Strawberry (or Jostaberry) Cheesecake – serves 6-8

Strawberry cheesecake 75g butter

250g HobNob or digestive biscuits

150ml double cream

200g full-fat cream cheese

200g crème fraiche

Juice and zest of 1 lime

75g caster sugar

Few drops vanilla essence

Fruit to top: 500g strawberries (sliced) or raspberries

or 500g jostaberries or blackcurrants

50-75g sugar (to taste)

1 tsp arrowroot

I make this in a shallow 30cm x 20cm rectangular tart tin with a loose bottom, but you can use an equivalent round tart tin if you prefer. Grease the tin with butter.

Melt the butter in a small pan and add the crushed biscuits (the old-fashioned way using a plastic bag and a rolling pin, or food-processor if you prefer, but don’t overprocess: a chunky mix is good). Mix and turn into the base of the tin. Spread out and refrigerate while you make the filling.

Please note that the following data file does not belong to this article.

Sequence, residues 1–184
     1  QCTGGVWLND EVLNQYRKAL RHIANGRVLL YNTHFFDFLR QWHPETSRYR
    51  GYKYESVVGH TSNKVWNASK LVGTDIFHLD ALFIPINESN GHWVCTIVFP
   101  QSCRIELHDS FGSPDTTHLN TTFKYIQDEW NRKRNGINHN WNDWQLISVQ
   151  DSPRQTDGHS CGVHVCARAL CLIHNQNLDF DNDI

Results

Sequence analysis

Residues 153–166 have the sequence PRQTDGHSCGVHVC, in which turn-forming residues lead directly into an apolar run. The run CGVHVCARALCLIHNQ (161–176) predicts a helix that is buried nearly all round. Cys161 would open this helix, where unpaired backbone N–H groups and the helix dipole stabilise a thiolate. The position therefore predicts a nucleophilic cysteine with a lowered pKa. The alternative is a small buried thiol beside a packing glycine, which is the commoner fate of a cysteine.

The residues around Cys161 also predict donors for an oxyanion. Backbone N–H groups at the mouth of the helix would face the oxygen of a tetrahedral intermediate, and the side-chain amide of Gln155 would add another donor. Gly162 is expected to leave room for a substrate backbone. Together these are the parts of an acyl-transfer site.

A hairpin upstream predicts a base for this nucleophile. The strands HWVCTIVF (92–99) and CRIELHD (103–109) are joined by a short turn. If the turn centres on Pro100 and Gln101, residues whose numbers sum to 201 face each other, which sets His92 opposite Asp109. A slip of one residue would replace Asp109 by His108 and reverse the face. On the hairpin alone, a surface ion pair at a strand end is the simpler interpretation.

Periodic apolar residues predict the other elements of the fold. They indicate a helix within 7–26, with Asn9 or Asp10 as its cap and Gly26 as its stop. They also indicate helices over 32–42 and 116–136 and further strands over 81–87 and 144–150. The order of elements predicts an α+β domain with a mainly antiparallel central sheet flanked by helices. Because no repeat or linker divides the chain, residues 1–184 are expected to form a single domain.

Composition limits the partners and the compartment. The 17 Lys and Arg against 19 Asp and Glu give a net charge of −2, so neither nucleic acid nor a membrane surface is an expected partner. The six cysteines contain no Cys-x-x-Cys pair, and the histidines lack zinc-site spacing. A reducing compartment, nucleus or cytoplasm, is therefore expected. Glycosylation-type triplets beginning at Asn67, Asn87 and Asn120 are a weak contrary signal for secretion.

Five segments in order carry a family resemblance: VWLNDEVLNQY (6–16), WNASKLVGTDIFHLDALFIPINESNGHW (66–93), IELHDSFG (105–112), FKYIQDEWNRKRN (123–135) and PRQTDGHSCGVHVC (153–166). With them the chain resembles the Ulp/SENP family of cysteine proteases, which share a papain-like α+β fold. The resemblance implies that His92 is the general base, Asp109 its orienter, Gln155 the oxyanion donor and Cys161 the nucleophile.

Whip the cream lightly with the sugar, then add the lime zest and juice, cream cheese, crème fraiche and vanilla essence, continuing to whip until the mixture makes soft swirls. Turn into the base and refrigerate for at least 6 hours, preferably overnight for the best set.

Top with fresh berries if using, garnishing with borage flowers if you have any.

If serving with compote, cook the jostaberries or blackcurrants gently with the sugar until just cooked. Don’t be tempted to add water as the fruit will produce plenty of juice as the berries burst. Pour some of the juice into a small bowl and mix in the teaspoon of arrowroot, then stir the resulting mixture into the cooked berries over a gentle heat, until the mixture thickens slightly. Do not allow to boil, otherwise the mixture will turn runny again! Cool overnight and use to top the cheesecake just before serving.